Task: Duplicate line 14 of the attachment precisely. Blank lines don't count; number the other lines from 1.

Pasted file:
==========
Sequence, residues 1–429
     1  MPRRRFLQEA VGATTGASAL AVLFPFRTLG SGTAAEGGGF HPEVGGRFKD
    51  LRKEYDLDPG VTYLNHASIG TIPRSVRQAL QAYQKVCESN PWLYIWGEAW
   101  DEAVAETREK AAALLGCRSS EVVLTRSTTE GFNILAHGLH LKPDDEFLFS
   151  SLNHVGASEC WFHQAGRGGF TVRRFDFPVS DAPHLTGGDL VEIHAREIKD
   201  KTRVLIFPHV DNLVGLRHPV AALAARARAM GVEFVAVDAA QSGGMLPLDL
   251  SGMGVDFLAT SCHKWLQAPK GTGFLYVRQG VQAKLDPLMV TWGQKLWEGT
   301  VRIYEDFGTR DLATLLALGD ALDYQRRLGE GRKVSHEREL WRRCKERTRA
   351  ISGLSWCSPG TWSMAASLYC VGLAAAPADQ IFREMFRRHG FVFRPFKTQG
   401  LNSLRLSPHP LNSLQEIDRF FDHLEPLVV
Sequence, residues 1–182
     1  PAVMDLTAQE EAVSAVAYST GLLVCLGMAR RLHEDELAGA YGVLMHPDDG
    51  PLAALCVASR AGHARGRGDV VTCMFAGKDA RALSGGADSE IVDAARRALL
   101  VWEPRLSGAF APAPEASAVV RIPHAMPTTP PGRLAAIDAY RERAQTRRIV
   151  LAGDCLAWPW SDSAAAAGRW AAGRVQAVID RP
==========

   101  VWEPRLSGAF APAPEASAVV RIPHAMPTTP PGRLAAIDAY RERAQTRRIV